Chris Albright: How do you…that’d be great! That would be awesome. I can’t work. We can’t get a loan or do anything like that. How are you supposed to do that?

Eleanor Goldfield: Yeah, I hate that trope. It’s so often what people say about particularly like Louisiana where they continuously have these floods and these hurricanes, like just leave. Okay. Are you going to pay for them to leave? Money grows on trees where you are. I mean, it’s an absurd kind of neoliberal talking point.

And so I found y’all through some organizing that you’ve been doing with somebody who’s also been on the show, Nicole Fabricant, who also does organizing here in Baltimore.

So what kind of organizing have y’all been doing and what kind of demands are you putting out not just for government agencies, but also for the likes of Norfolk Southern?

Chris Albright: Organizing, there’s been a lot of different things. Anything from me doing shows like this, podcasts, radio shows, things like that.

I did a podcast on the Real News Network with Max Alvarez, where he introduced me to Jeff Kurtz, who was a former Iowa state representative and railroad worker. And I also did a show with Steve Zeltzer. He’s over in San Francisco. We’ve actually formed an organization. It’s a coalition. It’s the Justice for East Palestine Workers and Residents Coalition.

And we’re really trying to put pressure on. We’re bringing a bunch of union groups, a bunch of residents, scientists, environmentalists, media people, anything we can to really push the issue to get healthcare brought to East Palestine, for beginners. And then after that, hopefully spread it out to other sacrifice zones.

Eleanor Goldfield: Zsuzsa, the question that I was basically asking Chris was what kind of organizing y’all have been doing and what kind of demands that y’all have either for the government or for Norfolk Southern.

Zsuzsa Gyenes: Yeah, so I’m sorry I lost you there for a minute. My phone was overheating. But yeah, we’ve done a lot of community gatherings.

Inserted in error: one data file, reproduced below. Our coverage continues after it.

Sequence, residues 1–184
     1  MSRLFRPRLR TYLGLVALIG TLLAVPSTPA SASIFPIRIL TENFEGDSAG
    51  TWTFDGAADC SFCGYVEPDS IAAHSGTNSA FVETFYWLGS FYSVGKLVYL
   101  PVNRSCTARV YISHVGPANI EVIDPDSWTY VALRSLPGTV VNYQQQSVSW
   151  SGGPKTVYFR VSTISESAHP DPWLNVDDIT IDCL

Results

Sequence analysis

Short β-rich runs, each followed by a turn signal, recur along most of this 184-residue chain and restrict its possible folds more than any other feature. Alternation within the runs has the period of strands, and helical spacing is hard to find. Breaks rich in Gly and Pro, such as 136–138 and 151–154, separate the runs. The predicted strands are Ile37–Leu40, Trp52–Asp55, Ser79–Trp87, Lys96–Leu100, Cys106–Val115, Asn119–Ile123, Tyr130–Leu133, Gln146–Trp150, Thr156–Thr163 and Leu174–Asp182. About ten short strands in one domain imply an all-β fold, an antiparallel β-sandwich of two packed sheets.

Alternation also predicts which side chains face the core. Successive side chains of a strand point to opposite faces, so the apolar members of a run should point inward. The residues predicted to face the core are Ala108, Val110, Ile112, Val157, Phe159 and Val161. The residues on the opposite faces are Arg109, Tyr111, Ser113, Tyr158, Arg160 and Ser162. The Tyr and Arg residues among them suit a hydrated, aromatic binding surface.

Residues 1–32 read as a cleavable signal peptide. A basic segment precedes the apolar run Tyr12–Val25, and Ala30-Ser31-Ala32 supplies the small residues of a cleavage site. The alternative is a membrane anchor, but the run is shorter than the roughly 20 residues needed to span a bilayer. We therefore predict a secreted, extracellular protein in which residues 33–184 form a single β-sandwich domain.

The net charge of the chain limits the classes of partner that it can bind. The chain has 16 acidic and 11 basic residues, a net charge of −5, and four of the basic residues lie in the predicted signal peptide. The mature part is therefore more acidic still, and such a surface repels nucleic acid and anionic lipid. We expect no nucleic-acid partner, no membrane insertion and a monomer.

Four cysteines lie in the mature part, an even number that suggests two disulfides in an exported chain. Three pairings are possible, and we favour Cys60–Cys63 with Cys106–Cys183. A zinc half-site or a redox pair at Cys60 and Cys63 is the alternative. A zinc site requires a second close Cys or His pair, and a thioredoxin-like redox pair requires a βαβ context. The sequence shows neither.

I was involved with a group called Unity Council, but I also, I’m willing to talk to anybody who will listen to me. Let’s see, we went to the State House to give a list of demands to Governor DeWine about what we needed, getting people out of the town that were sick, getting medical monitoring, getting testing inside of our homes, that sort of thing.

I also went down to D.C. a few times, met with some senators and congressmen down there, met with the EPA. And again, Governor DeWine’s office, talked to a lot of people down in DC and it really felt like the message from the ground wasn’t being translated to the top and it just seemed like everybody was fine, everything was good, you know.

We had a FEMA rep come in, and he never even met with anybody that we know of. I mean, I knew dozens of people who tried to reach out to him because he was supposed to evaluate whether FEMA needed to intervene, and it seemed like he just reached out to local and state officials, and they were like, oh, no, it’s taken care of, it’s good, and that was it.

But he wouldn’t return anybody’s calls personally or talk to any affected community members besides the few that are cherry picked and normally at some of those closed door meetings. But nobody had reached out to my family at all that I hadn’t reached out to first, if they responded at all.

When CDC went door to door, I was in a hotel, I wasn’t there. I never got contacted. And then they got sick in town and that’s being investigated by OSHA. And, the surveys that the CDC sent out came back showing people were sick and there’s still no updates on that. So, I mean, I’ve done a lot of personal phone calls to places like the CDC or Ohio, like ODNR, those sorts of things. And I know a lot of others have as well.

And that’s kind of how we ended up getting together and trying to do more of like an organized movement, or collaboration, just trying to get attention because not a lot of us had a lot of experience in organizing or advocacy work before, and we all kind of got thrown into it by necessity just to keep our families alive and protected.

I guess we’ve had some success. We’ve brought a lot of awareness to some of the issues that’s been staying in the media more or less. We’ve gotten the governor to declare that emergency, but he worded it in a way that was very odd, kind of neglected the fact that we still need help, that a lot of us are still not in a home anymore, whether we lost it or our home’s not safe or we’re still getting sick and we have no answers. We have no healthcare. We’re just basically forgotten.

I try to share a lot of stuff on social media because especially in the beginning, that was the only place where people could really get any information about what was going on because on a, local, state government, federal level, there’s no information for anybody else, but not even for us.